The two young men noticed him as well.  The shorter one, black-haired and unkempt, watched him warily with deep, emerald-green eyes.  The tall one, a redhead who seemed uncomfortable in his clothes, appeared to be trying to step in between him and the woman.  Both had a hand in a pocket, looking like handsome young spies reaching for their guns on some inane American programme on the telly.  The three exchanged some quiet but intense words that clearly were about him.  He unmistakably heard her say “all right,” and something less distinct that sounded like “muggle” or some such thing, and the young men said some peculiar things that he tried to understand but, a moment later, found he couldn’t quite remember.

 

He dropped his gaze to the box of sweets in his lap, listening unobtrusively to snippets of their hushed conversation and occasionally glancing up to enjoy the sight of her.  There was talk of an orphanage, and watching the ‘flu, and something oddly maritime about a port quay, whatever that was, that some ministry or other was concerned with.  These were extraordinary teenagers indeed, no doubt some kind of government interns going to visit a sick orphan child somewhere, and at this hour on a week-night!  He was becoming more fascinated with them, with her, by the moment.

 

Then it happened.  At a lull in their conversation, she laid her cheek on the redhead’s chest, and he responded with a light hand on her waist.  Their dark-haired friend shifted to shield them from the view of most of the passengers, as a small but beatific smile lit her face.  When she opened her eyes seconds later they were unfocused, and he finally recognized what he had seen in them, the thing whose name had earlier eluded him.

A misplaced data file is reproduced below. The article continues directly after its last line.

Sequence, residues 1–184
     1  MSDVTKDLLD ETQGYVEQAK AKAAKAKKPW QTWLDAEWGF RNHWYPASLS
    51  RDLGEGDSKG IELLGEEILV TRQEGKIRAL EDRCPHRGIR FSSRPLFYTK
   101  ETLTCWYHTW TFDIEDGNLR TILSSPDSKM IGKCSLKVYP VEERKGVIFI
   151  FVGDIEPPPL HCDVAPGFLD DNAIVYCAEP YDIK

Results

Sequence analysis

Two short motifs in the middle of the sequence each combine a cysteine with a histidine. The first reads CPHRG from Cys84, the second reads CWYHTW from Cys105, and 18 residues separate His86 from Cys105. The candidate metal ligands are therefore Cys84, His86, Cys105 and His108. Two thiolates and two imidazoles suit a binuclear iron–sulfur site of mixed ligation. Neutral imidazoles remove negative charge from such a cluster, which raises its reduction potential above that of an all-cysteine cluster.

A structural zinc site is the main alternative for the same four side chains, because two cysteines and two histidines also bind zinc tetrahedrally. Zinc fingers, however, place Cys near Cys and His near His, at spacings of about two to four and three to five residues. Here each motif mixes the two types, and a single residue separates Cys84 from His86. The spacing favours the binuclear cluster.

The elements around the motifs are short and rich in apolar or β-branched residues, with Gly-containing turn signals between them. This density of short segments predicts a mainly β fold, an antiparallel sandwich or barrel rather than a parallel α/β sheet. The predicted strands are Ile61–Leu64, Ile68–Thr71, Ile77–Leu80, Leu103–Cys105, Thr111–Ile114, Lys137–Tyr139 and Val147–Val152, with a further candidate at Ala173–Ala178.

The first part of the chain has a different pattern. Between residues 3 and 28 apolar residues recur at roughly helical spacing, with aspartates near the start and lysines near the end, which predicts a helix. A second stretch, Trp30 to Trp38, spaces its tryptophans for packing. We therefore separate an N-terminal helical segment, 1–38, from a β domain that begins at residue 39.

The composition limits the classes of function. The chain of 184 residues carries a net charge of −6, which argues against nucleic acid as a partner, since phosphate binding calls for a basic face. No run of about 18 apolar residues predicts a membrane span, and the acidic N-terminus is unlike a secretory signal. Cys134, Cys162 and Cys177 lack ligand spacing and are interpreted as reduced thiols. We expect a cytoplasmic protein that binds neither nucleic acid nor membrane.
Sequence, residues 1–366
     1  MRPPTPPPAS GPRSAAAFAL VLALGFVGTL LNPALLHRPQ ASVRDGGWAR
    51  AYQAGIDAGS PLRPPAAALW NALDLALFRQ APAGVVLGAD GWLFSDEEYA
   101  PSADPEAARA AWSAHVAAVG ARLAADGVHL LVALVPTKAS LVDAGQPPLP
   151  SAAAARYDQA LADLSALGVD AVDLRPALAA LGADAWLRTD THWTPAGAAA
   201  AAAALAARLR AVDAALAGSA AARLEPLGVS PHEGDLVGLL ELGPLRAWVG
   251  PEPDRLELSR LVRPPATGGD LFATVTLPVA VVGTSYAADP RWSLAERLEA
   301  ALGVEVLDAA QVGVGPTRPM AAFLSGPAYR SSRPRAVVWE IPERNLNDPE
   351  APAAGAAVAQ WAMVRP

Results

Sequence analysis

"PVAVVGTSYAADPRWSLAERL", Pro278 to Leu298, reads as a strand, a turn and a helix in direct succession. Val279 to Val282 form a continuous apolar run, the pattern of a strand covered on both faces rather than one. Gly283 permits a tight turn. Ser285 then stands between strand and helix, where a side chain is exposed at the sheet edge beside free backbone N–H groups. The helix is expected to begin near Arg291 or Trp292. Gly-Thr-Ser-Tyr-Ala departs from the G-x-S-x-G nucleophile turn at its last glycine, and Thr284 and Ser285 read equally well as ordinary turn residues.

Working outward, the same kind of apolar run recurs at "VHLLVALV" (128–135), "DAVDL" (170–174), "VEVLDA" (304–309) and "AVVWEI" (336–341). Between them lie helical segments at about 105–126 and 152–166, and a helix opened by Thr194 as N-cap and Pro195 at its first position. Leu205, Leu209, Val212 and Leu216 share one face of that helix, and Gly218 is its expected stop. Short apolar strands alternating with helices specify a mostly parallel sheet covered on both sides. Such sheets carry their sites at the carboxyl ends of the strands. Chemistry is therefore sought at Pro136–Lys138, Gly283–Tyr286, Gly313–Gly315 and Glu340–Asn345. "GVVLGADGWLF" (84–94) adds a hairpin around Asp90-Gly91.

She was in love.

 

The realization disappointed him, but only for a moment before he found himself feeling rather relieved.  The last thing he needed right now was yet another woman in his life.  Yet another beautiful … well no, in that department she could scarcely hold a candle to Annie.  Then again, who could?  Compare her to Julia, though, and … no, she wouldn’t compare very well to Julia either.  Her shape was, well, subtle, to put it charitably; her face was not unattractive, but neither was it particularly attractive; her hair – well, if he wanted he could easily imagine that hair belonging to some witch.  Yes, the depth was certainly there in her eyes, but without that extra glint that her young man was evidently inspiring in them, he probably wouldn’t have taken much notice of her at all.  No, it was only being in love that made her so attractive.

 

Just like me.

 

The confusion vanished in an instant, transmuted into clarity.  All those women who had finally noticed him over the past few months, they had seen the same thing in his eyes as he had seen in the young lady’s.  That was why they were attracted to him.  That was why Annie was attracted to him, Annie and all the others.  All of them – all but Julia.  And then, with the fog gone, he suddenly saw something it had been hiding.

 

I am in love.

 

He knew now what he would be doing once he got home tonight.  He knew the name of Julia’s conference, so it couldn’t be too difficult to find the telephone number of her hotel.  She wouldn’t mind him ringing her up late:  He had something important to tell her.

 

His eyes returned to the box of chocolates, and he briefly smirked at the silliness of his carrying such a thing.  On impulse he opened it and held it out to the elderly woman next to him.  “A sweet, ma’am?”  He offered one to the businessman sitting on his other side, then stood and handed the box to the young redhead.  “Why don’t you take these?  I’ll not be needing them.”  He smiled as the young man, eyes wide, thanked him bemusedly.  Then, remembering their earlier suspicion of him, he picked a random sweet from the box, held it up in a little salute, and – “Cheers!” – popped it into his mouth.  Lowering his voice to a whisper, he glanced around at the three of them and said, “Good luck to you all!”  Then he looked again into the young woman’s eyes, deeply and this time knowingly, lover to lover. “And thank you.”

 

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A/N:  The quote is from James Blunt’s song “You’re Beautiful.”  But then you knew that long before I did.